oFAB's Journey To The Top Of NBA 2K

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Albano Thomallari playing NBA 2K (Jesse Costa/WBUR)
Albano Thomallari playing NBA 2K (Jesse Costa/WBUR)

Inside a dimly lit theater at Madison Square Garden, Albano Thomallari struggled to control his anxiety. The biggest moment of his life was minutes away and his mind raced. His confidence wavered. Who would want him? His eyes darted around the room. He caught sight of the other prospects and NBA commissioner Adam Silver. Where would he play? His palms became sweaty, really sweaty. How could he shake anyone’s hand like that?

Then, mercifully, the draft started. And it wasn’t long before Thomallari’s life changed.

“With the second overall pick in the NBA 2K League Draft, Celtics Crossover Gaming selects oFAB from Missouri,” the league’s managing director Brendan Donohue announced to fans.

Thomallari, known in the gaming world as oFAB, put on a Celtics hat, walked onto the draft stage, shook Donohue’s hand and posed for photos.

The 5-foot-10 point guard looked more than a little overweight, wearing a too-tight gray sports coat. But otherwise, oFAB acted like any other top draft pick. He was a confident 21, some might say cocky. He soaked in all the attention like someone who figured he’d earned it.

Why not? oFAB is widely regarded as the best NBA 2K point guard in the world.

But Thomallari almost didn’t make it to draft night in New York City.

oFab was the second overall pick in the 2018 NBA 2K League draft. (Jesse Costa/WBUR)
oFAB was the second overall pick in the 2018 NBA 2K League Draft. (Jesse Costa/WBUR)

“That was my first time in three years that I actually, like, left the house,” said Thomallari. “Before that draft moment, I went through three years of depression, just being sad because of life. Like, I only talked to my mom, dad and my brother.”

And during that time, he played a lot of NBA 2K.

Playing '2K 24/7'

The video game is pretty much a virtual version of what you see in NBA arenas. It’s five-on-five with traditional positions like point guard, power forward and center. Gamers team up online and compete against each other.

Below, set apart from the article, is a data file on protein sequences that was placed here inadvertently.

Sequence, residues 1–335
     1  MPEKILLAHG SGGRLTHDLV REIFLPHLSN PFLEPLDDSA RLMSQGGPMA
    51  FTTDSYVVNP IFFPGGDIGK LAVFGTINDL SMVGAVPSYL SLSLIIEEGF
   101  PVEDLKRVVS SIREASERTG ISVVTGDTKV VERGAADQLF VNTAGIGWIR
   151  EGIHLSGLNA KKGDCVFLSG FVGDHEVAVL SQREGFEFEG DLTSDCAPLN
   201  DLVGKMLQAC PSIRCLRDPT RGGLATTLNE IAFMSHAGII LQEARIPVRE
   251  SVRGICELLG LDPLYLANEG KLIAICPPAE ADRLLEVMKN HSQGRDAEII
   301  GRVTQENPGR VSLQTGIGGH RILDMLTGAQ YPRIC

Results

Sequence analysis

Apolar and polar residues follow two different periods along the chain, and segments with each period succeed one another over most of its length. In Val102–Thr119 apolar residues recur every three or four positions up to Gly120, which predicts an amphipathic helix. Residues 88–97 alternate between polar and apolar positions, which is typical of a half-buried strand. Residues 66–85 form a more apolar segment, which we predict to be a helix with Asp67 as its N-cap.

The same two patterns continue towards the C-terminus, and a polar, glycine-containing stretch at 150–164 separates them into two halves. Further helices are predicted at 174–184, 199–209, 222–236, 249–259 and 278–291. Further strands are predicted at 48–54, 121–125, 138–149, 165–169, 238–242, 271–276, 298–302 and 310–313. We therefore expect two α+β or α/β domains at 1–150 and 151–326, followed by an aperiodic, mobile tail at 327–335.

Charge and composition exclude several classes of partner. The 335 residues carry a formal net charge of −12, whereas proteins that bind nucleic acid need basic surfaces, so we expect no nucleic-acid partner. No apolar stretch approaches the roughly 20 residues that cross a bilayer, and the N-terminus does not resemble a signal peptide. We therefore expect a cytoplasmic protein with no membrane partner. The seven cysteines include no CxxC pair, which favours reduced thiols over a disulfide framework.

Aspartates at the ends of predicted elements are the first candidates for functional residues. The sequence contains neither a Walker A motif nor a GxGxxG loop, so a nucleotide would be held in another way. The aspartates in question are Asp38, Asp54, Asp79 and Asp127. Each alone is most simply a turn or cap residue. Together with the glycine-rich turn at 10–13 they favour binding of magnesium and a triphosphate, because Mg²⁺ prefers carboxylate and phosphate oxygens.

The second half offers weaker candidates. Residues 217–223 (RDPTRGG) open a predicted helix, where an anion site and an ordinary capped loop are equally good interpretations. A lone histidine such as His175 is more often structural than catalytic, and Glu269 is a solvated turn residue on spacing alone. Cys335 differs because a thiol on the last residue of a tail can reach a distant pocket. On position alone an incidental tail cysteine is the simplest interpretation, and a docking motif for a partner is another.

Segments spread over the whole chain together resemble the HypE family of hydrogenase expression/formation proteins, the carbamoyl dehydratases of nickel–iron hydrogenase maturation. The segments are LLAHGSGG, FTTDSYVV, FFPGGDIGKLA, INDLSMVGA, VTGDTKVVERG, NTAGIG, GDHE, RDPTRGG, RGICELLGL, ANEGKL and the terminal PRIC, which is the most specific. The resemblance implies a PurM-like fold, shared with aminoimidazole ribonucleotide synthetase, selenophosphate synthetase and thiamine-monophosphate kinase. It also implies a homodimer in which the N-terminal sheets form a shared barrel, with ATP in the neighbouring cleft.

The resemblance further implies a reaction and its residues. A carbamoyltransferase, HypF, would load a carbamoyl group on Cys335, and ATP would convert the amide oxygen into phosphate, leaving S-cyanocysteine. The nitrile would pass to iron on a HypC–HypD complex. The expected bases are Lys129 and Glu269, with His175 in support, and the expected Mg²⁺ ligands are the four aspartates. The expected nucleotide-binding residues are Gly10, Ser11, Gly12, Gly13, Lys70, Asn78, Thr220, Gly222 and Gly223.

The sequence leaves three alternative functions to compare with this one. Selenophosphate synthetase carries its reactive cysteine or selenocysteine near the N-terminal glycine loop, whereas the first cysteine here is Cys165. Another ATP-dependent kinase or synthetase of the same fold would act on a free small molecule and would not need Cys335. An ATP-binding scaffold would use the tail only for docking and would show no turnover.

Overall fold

Growing up, Thomallari played basketball in real life. He loved the sport so much that he wanted to play whenever he could. It wasn’t long before he discovered NBA 2K. And he couldn’t get enough of it.

Thomallari spent countless hours in his bedroom perfecting his virtual point guard skills. It was an escape from the realities of his St. Louis neighborhood.

“I remember I was sleeping in a room,” he said. “We only had one room, so we were all sleeping right next to each other. And then someone just broke into our house, while we were sleeping, just stealing our stuff. I remember someone broke into my mom’s car, and it was very bad.”

After high school, as he battled depression, Thomallari said he would, “play 2K 24/7. Never did anything else. Year after that, 2K 24/7. Never went outside.”

Thomallari also said that his family tried to help, tried to talk to him about what was wrong, tried to get him to leave his bedroom and take a break from NBA 2K. But he wouldn’t.

"I just locked myself in my room. I’m like, ‘Hey, you guys don’t want to give me food, I’m just gonna starve here."

Albano Thomallari

“It was pretty much, like, I just locked myself in my room,” said Thomallari. "I’m like, ‘Hey, you guys don’t want to give me food, I’m just gonna starve here.’ ”

Most days, his parents brought him food from McDonald’s. He’d down that and a couple bags of chips. Family-sized bags.

He gained about 80 pounds.

He also became a star in NBA 2K.

And it was like he was leading two different lives.

“When I hopped on 2K, it was kind of an ego boost. When people got first pick, they’re like, ‘Hey, I got Fab, hey, I got Fab.’ ‘No, no, I want him.’ ” said Thomallari. “So, I was kind of like, ‘Wow, I really feel important, like people actually, like, like me.’ ”

They liked what they saw on the court: a player with exceptional basketball IQ who could pick apart defenses and rack up points and assists. But as Thomallari became a world-class gamer, his mom and dad became more worried about his future. They were two hard-working immigrants from Albania and they didn’t quite understand the whole NBA 2K world.